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Author Topic: Blue Lights  (Read 5919 times)

portside II

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Re: Blue Lights
« Reply #25 on: January 12, 2009, 11:33:43 pm »

Just a thing with these white/blue head lights ,i had a pair for my old car and i thought them to be rubbish on rural roads until i drove on a clean road with clear lines ,then the lamps came into their own and lit everything white up like a xmas tree . i quicly changed them back to the halogen type as i didn't doo much driving on clean roads .
Where we lived 3 out of 4 vehicles were tractors and the like ,lots of mud  :}
daz
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Proteus

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Re: Blue Lights
« Reply #26 on: January 12, 2009, 11:56:30 pm »

There is a massive difference between changing bulbs and having a HID system also about 1500 the bulbs are just for boy races the hid system you would never want to drive with standard lights again if you had them.

Proteus
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tigertiger

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Re: Blue Lights
« Reply #27 on: January 13, 2009, 01:16:23 am »

While I have a lean to agree with you TT there is a few point I can mention,
If your windscreen is smeary then the wipers are NOT doing the job required (change them)
As for a motorcyclists visor regular replacement is a good thing (its your life)
AGREE they should be changed, but fog lights are part of the problem, especially if it is only raining.

Driving in rain with the rear Fog lamp on is I believe illegal, and if you are in poor visibility (fog/heavyrain/snow) ask yourself IS IT REALLY necessary to "overtake" even if it is a perfectly legal operation.

AGREE, but I am taliking aboutwhen it is raining but visibility is still reasonably good. Just normal rain an be a problem, or there is spray from the vehicle you need to overtake (which has the fog light on). This is especially a problem on dual carriageways and M ways. Where over taking, even in the rain, is normal.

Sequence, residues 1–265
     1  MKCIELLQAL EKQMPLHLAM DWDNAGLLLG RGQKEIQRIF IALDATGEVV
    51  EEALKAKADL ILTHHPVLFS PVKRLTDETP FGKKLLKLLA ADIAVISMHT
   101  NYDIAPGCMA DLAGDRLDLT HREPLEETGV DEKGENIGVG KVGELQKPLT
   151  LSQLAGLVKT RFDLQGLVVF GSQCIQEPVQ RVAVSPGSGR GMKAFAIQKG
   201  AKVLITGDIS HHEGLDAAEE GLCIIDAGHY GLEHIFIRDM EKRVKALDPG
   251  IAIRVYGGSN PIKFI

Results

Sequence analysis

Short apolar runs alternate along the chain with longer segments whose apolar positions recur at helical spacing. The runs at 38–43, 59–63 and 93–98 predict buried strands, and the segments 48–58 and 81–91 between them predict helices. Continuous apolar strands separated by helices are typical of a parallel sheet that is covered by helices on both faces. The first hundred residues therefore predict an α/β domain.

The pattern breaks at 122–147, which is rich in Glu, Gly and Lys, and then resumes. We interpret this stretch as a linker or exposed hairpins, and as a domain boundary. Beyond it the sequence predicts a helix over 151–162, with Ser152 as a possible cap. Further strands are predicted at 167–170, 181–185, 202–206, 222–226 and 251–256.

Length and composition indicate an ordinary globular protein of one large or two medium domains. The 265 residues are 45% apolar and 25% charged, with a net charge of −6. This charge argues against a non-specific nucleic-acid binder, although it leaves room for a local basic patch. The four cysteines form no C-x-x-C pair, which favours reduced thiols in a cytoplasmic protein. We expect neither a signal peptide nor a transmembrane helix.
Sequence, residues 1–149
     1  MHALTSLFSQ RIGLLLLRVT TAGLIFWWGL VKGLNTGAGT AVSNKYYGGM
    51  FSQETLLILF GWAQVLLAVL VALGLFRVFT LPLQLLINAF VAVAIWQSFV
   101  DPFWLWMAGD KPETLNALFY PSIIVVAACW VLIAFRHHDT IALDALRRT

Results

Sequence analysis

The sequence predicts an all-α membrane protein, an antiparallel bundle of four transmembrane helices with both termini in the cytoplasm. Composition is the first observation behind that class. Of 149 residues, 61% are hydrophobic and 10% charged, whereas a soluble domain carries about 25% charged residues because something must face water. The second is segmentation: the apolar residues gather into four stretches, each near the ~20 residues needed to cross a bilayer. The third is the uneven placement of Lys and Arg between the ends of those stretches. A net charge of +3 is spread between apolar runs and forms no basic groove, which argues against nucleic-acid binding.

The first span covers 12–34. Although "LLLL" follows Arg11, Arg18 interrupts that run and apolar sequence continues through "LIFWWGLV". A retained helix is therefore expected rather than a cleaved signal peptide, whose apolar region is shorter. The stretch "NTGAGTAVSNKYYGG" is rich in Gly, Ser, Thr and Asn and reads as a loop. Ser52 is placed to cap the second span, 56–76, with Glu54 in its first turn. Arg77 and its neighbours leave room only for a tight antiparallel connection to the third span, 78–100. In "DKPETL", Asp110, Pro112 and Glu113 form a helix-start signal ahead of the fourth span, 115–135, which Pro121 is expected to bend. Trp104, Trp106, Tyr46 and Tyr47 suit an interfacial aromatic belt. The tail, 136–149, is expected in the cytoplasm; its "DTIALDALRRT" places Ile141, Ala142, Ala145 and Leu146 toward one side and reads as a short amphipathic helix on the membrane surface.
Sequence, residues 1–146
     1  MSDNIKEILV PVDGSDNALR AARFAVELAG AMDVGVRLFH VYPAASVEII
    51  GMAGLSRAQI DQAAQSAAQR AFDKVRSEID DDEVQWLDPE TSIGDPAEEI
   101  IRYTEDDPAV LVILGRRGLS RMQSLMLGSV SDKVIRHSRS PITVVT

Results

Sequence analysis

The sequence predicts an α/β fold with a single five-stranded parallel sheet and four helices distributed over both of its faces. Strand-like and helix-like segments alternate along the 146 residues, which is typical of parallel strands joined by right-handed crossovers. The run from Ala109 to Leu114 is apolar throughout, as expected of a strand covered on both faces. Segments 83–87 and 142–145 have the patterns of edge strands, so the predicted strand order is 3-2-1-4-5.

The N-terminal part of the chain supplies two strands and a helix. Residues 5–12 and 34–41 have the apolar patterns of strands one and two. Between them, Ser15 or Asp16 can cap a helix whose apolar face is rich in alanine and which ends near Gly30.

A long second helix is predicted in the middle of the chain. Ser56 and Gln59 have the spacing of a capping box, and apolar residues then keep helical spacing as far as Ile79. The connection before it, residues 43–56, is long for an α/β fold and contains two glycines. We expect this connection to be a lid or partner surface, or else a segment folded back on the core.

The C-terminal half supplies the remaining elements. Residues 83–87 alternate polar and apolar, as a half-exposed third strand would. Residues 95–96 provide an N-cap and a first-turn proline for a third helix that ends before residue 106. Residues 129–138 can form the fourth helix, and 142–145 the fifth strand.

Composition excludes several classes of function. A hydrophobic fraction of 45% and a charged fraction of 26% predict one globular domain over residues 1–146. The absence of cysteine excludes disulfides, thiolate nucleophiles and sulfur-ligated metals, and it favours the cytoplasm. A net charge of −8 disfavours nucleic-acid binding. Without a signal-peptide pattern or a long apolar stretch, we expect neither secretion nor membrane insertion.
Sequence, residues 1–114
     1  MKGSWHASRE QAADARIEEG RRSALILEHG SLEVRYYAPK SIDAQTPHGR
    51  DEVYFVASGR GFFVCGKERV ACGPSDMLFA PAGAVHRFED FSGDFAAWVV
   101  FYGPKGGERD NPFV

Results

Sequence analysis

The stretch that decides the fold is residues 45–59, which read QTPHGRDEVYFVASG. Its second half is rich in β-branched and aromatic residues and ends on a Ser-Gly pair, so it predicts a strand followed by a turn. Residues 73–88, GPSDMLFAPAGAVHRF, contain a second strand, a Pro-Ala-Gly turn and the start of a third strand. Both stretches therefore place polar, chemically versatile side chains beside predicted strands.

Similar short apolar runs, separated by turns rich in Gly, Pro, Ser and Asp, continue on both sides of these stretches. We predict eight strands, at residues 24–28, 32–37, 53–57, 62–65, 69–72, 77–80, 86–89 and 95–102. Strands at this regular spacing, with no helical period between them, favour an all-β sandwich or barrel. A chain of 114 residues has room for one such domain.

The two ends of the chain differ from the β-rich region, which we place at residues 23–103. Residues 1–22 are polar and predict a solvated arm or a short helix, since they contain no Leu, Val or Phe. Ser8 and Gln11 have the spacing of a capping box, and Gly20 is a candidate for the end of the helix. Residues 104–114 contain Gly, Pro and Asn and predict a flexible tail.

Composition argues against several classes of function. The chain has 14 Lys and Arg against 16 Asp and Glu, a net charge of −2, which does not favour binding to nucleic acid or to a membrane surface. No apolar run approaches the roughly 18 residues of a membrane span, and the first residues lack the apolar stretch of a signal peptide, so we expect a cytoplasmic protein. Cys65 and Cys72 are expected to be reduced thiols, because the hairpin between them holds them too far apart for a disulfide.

And a final note. Even if the person overtaking maybe shouldn't be, or even if others do need new wiper blades of visors; it is still thoughtless and dangerous to drive with fogs on in the rain. And by doing so peoples lives are being put at additional risk.

You cannot control others, but you can control how you behave on the road.


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Roger in France

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Re: Blue Lights
« Reply #28 on: January 13, 2009, 07:21:48 am »

To answer the question about France....

No, it is not required to keep your lights on at all times.

Many French drivers put their lights on immediately it rains. Incidentally, it is not well known to you "foreigners" that in France all speed limits drop by 10kmh in rain except 130kmh on the Autoroute (Motorway) drops by 20kmh.

No answer to my question above about blue lights appearing to change to white?

Roger in France
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Umi_Ryuzuki

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Re: Blue Lights
« Reply #29 on: January 13, 2009, 08:37:52 am »

Here in the US, fog light lenses spread the light wide, almost 90 degrees to the direction of travel.
Driving lights are more like high beams. Both are supposed to be aimed. At 25 feet, Fog lights should
hit a vertical wall 4 inches below their height measured from the ground to their center.
Driving lights are supposed to be aimed 1.5" below their height from ground to center.

I would guess that most of the annoying lights you see are people that slapped them on the guard, and
didn't bother to properly set the lights at all.... :((
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tigertiger

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Re: Blue Lights
« Reply #30 on: January 13, 2009, 09:00:26 am »

Hi Umi

Even the factory fitted ones can be annoying.

But then they may just be maladjusted, like me  :o {-)
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Colin Bishop

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Re: Blue Lights
« Reply #31 on: January 13, 2009, 09:18:14 am »

Quote